Arts, crafts…and crypto? At Vienna’s MAK Museum, the three, in fact, aren’t mutually exclusive. The MAK Museum’s association with the captivating new currency began in 2015, when it became the first museum to use bitcoin to acquire a piece of art.
Established in 1863, the Museum has long attracted innovators within their respective fields. After its founding, the first professor of art history at the University of Vienna, Rudolf Eitelberger, joined the ranks to serve as museum director. Eitelberger’s influence within the intellectual and art worlds would go on to shape a movement known as the Vienna School of Art.
As a scholar, Eitelberger emphasized the priority of “the object” in the history of art, and often insisted on the significance of the relationship of “art of the past for the art of the present”. His focus on the visual properties of works of art emerged as a defining characteristic of the Vienna School of Art, and he often lectured exclusively in the museum galleries.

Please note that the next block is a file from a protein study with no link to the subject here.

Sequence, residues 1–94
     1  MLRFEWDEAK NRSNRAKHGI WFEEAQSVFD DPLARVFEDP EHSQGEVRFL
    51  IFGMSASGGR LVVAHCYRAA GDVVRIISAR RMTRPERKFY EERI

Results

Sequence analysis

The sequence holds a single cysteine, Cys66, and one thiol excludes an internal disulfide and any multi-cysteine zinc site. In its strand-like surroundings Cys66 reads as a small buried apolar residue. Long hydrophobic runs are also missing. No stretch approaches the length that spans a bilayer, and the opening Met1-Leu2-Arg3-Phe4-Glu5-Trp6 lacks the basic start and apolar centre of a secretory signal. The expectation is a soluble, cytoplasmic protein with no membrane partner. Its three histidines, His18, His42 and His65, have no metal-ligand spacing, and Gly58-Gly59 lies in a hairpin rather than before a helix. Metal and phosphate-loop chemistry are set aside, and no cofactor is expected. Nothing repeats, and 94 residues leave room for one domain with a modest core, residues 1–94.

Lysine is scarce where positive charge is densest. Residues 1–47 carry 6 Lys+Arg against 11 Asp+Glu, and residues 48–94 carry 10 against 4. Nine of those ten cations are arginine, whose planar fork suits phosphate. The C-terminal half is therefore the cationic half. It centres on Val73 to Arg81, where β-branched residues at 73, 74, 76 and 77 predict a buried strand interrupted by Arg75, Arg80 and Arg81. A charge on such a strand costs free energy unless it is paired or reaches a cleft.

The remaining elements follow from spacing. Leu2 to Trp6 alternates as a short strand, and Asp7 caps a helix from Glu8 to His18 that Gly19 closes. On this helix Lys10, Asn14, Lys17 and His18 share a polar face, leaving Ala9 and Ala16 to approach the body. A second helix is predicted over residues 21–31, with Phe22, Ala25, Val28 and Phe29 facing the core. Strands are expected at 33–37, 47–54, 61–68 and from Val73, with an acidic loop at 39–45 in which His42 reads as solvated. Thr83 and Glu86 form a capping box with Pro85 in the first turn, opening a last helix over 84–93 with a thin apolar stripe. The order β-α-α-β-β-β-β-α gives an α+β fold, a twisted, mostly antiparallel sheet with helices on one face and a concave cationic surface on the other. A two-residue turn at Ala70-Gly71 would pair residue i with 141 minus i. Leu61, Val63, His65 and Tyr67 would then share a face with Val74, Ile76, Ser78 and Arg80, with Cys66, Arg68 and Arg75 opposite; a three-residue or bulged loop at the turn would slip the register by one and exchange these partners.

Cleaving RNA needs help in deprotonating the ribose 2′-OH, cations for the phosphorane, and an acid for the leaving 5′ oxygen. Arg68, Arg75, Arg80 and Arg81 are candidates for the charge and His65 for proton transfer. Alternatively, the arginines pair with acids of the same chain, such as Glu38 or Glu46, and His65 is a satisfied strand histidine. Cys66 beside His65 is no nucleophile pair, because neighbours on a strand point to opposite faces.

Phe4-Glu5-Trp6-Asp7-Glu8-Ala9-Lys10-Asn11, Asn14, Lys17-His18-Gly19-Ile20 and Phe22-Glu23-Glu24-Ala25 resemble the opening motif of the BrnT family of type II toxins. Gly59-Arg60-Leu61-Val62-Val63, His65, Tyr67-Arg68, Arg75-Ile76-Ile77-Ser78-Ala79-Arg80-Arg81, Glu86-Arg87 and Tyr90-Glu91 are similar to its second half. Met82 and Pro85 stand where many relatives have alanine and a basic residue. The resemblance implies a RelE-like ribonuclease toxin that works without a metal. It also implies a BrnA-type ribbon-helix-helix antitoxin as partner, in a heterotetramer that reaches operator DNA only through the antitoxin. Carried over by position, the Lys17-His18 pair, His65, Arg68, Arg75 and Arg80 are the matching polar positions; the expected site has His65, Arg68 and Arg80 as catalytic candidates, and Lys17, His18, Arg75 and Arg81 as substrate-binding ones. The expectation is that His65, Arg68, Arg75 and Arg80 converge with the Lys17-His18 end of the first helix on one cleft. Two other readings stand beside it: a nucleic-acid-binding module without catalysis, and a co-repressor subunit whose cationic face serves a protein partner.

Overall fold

After Eitleberger helped to establish the MAK as a center for artists, craftsmen, and designers, the Museum continued to flourish. The MAK was part of the Vienna World Fair in 1873 where it solidified itself as a place for arts education, research, and acquisition. Over the next century and half, the Museum continued to evolve until 2015 when it made headlines.
That year, the MAK used bitcoin, a largely unheard of cryptocurrency, to purchase artist Harm van den Dorpel’s screensaver titled “Event Listeners” – the first purchase of its kind. Today, the MAK has over 300,000 objects displayed online – the largest online collection of art within Austria. We just want to know what Eitelberger would think of this new era of art…and if he’d buy an NFT of his own.
Written By: Kelly Murray